The Science of Behavior Change (SOBC) Research Network seeks to improve the understanding of underlying mechanisms of human behavior change by promoting basic research on the initiation, personalization, and maintenance of behavior change. SOBC aims to bring together basic and applied scientists to support mechanistic research across health-related behaviors, such as diet, exercise, and medication adherence, in order to develop more effective behavioral interventions.
Research funded during SOBC Stage 1 (2009-2014) identified three broad classes of intervention targets that are highly relevant to the mechanisms relating to behavior change: self-regulation, stress reactivity and stress resilience, and interpersonal and social processes. During Stage 1, SOBC researchers determined the need for reliable and valid ways to measure engaged targets through experimental manipulation or interventions. This measurement focus has been the foundation for the current phase of SOBC research (Stage 2), which began in 2015.
The SOBC experimental medicine approach to behavior change science involves a three-step method of validation: Identify, Measure, and Influence. Researchers first identify a hypothesized mechanism driving behavior change, then develop valid measures of the target mechanism, and finally attempt to influence the target mechanism with experimental methods. When a change in the mechanism results in an observed change in behavior, we determine that the identified mechanism is indeed a valid mechanism of behavior change. Our goal is to use the results of this method to optimize behavior change interventions across disciplines.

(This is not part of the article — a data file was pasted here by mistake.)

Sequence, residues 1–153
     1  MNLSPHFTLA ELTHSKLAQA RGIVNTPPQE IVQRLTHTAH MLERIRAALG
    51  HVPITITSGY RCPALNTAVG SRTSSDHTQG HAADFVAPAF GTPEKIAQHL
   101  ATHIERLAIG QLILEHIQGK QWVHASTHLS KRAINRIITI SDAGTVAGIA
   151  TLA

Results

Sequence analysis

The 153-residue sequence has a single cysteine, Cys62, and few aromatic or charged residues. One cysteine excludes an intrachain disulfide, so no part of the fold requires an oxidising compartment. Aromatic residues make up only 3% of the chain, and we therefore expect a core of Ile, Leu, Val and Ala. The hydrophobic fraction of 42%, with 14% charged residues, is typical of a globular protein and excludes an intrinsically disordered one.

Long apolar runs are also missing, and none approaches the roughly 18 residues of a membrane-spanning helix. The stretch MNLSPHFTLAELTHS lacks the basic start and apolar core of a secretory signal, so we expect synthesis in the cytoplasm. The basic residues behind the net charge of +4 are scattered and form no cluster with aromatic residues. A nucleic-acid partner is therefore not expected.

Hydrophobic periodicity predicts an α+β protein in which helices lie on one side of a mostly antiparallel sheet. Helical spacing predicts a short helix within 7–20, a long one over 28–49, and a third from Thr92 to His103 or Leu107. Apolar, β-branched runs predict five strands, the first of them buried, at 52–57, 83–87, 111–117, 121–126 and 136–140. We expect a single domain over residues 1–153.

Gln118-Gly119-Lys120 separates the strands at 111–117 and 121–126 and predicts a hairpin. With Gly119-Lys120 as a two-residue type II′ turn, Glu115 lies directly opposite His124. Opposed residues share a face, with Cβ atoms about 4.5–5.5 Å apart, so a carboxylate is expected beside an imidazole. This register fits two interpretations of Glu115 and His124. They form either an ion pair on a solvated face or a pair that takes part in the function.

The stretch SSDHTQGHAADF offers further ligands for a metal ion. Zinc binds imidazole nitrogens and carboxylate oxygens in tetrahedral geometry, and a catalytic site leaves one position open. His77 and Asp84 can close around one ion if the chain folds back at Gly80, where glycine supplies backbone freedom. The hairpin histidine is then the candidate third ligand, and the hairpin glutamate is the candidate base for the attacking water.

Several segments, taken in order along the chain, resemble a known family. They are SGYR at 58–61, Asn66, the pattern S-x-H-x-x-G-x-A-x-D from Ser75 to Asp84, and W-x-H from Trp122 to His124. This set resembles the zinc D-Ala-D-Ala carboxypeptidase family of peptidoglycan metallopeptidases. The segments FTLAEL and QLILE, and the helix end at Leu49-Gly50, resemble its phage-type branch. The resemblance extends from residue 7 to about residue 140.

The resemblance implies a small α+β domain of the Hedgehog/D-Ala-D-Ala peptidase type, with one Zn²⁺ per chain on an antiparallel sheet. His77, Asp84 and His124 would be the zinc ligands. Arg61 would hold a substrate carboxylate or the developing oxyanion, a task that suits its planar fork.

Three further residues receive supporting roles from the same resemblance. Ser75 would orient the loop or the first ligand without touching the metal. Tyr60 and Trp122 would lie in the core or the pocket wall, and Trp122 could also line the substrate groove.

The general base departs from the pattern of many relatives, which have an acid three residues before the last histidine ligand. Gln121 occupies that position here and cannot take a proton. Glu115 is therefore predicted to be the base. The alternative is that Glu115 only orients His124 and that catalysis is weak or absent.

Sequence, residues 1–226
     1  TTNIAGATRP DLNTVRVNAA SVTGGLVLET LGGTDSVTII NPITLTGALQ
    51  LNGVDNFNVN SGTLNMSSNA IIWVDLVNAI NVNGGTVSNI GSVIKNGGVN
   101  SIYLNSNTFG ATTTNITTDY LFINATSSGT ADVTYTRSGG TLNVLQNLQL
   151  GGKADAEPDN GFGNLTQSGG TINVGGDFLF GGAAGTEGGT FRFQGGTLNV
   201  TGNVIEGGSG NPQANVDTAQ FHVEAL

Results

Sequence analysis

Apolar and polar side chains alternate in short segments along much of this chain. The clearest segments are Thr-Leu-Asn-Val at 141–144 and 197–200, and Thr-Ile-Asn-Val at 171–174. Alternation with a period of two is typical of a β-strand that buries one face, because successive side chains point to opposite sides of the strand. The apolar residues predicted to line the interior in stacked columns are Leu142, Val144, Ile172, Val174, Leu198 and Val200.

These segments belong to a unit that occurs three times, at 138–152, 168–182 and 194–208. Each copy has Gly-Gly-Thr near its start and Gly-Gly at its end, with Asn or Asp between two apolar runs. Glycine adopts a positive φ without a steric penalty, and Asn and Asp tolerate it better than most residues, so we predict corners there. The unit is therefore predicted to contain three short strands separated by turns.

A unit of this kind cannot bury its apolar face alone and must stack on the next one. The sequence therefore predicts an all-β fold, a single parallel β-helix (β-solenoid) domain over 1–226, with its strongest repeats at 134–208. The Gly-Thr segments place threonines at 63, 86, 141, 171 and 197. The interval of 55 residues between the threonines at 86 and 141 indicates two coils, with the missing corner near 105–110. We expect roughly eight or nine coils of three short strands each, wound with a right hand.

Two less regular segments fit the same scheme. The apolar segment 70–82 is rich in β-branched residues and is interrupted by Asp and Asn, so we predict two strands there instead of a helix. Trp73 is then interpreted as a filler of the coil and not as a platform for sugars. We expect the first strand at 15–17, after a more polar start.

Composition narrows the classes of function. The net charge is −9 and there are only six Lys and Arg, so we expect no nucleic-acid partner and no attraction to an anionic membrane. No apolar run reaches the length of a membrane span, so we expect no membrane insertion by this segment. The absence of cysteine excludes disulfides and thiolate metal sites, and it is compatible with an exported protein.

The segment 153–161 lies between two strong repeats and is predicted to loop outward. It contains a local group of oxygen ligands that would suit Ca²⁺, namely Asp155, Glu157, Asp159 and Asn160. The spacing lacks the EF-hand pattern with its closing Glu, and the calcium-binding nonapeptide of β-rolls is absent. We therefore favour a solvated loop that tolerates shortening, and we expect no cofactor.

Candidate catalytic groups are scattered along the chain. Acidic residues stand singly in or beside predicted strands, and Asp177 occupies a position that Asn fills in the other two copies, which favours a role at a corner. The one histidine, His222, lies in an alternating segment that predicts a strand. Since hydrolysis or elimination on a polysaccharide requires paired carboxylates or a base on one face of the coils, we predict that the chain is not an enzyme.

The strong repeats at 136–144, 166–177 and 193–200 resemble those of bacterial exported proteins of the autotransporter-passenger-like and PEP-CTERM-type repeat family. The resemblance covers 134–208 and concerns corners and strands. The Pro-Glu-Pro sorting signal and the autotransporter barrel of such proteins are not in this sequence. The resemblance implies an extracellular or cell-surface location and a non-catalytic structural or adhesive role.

The SOBC Research Network is funded by the SOBC Common Fund Program in the Office of Strategic Coordination, Office of the Director of the National Institutes of Health (NIH). Common Fund programs have goals that resonate with the missions of multiple Institutes, Centers, and Offices at the NIH and its programs are intended to be transformative, catalytic, synergistic, cross-cutting, and unique. NIH staff from more than 15 Institutes, Centers, and Offices are involved in the SOBC Common Fund Program, and several of them are active members of the SOBC Research Network as Program Officials and Project Scientists associated with Network projects.